Kitchen Design: Working with BBR's Designers

If you are ready to take the first steps toward remodeling your kitchen, Boston Building Resources has two kitchen designers on staff to work with you: Linda Lesyna and Patrick Shaughnessy. Linda is a certified carpenter and has more than 30 years of experience at BBR as a kitchen designer. Patrick is a trained chef with 11 years of experience in home improvement retail and seven years in kitchen design. Linda and Patrick help members become educated about the products and the process so they can make the choices that are best for them.


First contact

The recommended way to begin is a phone call with a kitchen designer to set up an appointment for a first meeting and to get a fix on wants, needs, budget, and status. One of the first questions that Patrick asks is “Do you want or need a kitchen design?” Time for a change or a new look is in the category of “want,” whereas repairing or rebuilding after a fire, a change in appliances, and renovating to accommodate accessibility requirements represent “need.” The amount of information will vary, but, ideally, the homeowner will have met with a contractor (or an architect if necessary); taken measurements of the space to identify where walls, windows, doors, and plumbing are; and hired a general contractor.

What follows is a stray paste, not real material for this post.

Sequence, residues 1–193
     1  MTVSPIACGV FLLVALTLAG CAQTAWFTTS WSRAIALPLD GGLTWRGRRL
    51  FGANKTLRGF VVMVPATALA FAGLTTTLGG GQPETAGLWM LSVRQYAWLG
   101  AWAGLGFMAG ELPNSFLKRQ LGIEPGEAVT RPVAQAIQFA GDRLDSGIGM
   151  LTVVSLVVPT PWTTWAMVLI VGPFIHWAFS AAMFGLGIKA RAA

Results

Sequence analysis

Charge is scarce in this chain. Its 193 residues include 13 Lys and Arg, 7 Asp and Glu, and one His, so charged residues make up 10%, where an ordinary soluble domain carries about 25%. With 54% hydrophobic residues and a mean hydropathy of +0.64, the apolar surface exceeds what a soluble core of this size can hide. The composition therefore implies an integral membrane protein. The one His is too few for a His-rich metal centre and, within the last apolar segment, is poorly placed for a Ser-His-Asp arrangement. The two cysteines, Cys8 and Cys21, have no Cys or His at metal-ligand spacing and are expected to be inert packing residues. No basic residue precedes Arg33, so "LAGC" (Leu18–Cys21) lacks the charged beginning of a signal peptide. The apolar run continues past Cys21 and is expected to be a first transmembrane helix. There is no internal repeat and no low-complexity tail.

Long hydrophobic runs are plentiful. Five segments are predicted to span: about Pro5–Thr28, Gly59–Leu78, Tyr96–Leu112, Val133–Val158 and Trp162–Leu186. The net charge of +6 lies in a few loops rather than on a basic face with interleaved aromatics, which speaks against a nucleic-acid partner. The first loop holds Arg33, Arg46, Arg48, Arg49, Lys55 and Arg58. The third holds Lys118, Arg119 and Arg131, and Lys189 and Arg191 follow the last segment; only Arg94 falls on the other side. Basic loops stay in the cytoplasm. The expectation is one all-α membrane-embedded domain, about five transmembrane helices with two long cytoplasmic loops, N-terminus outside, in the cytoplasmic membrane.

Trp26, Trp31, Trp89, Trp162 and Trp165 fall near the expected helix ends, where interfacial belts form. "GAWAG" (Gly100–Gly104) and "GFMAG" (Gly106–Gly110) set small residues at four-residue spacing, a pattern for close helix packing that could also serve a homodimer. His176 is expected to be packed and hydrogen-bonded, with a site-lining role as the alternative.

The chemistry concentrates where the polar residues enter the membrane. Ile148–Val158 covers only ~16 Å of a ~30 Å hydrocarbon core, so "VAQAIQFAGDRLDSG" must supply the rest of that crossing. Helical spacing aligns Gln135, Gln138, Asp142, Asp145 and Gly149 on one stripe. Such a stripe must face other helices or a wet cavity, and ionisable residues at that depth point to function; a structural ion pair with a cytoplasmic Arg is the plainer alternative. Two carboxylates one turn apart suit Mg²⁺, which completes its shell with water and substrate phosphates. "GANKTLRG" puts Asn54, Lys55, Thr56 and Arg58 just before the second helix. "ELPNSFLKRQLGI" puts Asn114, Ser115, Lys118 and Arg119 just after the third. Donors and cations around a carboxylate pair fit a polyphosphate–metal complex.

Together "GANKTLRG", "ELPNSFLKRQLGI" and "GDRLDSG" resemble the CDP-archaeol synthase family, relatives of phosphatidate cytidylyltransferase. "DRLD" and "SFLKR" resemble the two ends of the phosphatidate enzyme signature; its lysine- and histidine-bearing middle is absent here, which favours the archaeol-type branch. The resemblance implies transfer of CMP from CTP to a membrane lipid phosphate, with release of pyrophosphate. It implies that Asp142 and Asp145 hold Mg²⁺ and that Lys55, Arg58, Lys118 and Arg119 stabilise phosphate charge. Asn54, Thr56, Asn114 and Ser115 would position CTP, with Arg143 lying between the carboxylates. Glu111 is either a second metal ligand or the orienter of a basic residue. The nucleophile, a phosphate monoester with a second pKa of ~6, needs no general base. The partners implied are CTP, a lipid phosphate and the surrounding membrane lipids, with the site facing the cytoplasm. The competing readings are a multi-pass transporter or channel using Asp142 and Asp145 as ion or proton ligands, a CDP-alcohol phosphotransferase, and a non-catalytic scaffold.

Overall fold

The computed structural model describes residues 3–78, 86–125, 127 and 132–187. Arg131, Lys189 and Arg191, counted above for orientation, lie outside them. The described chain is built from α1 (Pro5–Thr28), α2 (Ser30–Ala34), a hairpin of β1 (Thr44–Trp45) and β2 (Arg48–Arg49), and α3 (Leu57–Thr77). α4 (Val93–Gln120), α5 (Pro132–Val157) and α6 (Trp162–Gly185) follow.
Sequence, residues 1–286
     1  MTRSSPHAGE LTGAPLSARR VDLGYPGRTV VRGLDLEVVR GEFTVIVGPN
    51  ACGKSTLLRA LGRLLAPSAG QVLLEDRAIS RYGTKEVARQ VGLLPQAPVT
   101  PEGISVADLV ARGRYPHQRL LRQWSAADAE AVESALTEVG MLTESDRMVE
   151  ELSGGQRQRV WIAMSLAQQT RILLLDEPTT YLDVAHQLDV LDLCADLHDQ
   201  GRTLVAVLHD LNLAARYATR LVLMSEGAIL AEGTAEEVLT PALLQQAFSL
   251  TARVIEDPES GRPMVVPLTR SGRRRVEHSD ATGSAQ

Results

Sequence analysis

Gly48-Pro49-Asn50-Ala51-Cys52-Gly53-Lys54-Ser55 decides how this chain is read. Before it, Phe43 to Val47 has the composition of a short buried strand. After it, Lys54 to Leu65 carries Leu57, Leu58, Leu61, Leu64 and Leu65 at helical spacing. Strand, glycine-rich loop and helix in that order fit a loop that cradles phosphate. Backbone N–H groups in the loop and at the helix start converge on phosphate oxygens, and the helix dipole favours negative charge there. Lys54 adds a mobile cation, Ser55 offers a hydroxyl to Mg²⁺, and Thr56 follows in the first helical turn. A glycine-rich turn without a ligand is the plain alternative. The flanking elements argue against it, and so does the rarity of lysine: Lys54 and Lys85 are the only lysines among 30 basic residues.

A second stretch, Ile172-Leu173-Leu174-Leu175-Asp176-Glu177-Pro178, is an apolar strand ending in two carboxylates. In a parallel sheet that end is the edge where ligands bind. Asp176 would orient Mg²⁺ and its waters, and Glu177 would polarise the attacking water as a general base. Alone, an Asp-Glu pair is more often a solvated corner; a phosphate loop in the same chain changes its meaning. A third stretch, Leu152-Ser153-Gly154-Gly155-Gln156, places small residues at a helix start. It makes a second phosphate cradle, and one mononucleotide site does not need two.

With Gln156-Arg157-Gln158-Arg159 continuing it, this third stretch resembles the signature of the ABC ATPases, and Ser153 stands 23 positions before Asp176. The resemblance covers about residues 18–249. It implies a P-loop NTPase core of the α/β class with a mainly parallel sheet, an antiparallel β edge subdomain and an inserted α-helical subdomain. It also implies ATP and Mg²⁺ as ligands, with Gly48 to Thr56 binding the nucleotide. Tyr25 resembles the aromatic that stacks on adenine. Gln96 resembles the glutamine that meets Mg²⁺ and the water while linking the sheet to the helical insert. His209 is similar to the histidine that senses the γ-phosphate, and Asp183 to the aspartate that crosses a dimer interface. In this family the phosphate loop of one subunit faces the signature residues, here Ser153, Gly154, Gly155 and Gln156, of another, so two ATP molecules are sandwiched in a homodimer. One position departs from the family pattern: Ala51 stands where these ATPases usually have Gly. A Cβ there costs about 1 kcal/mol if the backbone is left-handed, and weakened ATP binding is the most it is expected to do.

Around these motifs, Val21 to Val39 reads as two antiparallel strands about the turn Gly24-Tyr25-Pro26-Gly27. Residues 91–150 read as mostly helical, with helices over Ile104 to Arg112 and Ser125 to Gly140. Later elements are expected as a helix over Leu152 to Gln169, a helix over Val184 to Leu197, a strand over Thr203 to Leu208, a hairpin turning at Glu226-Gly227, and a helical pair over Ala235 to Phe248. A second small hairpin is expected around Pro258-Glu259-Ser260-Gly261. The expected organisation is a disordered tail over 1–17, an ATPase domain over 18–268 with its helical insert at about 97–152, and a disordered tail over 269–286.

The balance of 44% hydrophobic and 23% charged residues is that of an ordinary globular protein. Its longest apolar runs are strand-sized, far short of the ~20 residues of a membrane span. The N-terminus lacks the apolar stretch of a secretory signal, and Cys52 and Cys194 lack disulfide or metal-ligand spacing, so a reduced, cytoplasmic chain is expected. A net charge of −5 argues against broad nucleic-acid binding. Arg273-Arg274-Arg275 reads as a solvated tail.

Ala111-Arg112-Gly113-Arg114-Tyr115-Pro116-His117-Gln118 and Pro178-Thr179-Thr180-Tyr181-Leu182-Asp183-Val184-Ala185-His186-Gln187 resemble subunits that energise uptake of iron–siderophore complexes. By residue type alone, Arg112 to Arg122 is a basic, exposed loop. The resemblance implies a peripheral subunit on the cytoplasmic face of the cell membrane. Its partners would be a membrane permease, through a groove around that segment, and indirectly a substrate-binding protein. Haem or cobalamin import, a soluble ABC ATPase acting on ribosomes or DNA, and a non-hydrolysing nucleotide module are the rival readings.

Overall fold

First meeting

The homeowner needs to send a completed measurements grid to the kitchen designer at least 48 hours prior to the appointment and include photos of existing space. During the meeting, the designer and homeowner will discuss options for cabinetry: Wood or paint? Framed or frameless? How do these choices affect cost? During the first meeting, the designer will develop rough plans (black and white lines on paper with selected cabinetry options). These rough plans are sufficient for the homeowner to hire a contractor if one hasn’t already been engaged. The kitchen designer can make suggestions for contractors to members.

A design retainer or deposit is required for dimensioned drawings. On average, dimensioned drawings are ready for a builder within two weeks after the first meeting between homeowner and designer. As noted previously, the homeowner must plan to purchase cabinets through BBR in order to obtain dimensioned drawings.

Second meeting

The homeowner should prepare by looking at pictures of cabinetry and color. The designer can offer color samples of cabinets to help the homeowner select flooring, wall color, and tile. Six to eleven weeks are required for construction of cabinets. During that time, the builder is preparing the space; the homeowner works with the kitchen designer to choose cabinet hardware and countertop material and with the contractor or suppliers to select flooring, paint, tile, and appliances.

If necessary, the kitchen designer will visit the home, in particular if a contractor hasn’t yet been hired. The charge for a home visit is $75 per hour. In many cases, home visits aren’t needed.

After the first two meetings, most communication can be handled by email to make decisions and answer questions. Additional face-to-face meetings generally are not necessary unless design changes or decisions require them.

Next installment: Timeline for a Kitchen Remodel

—Kathy Brown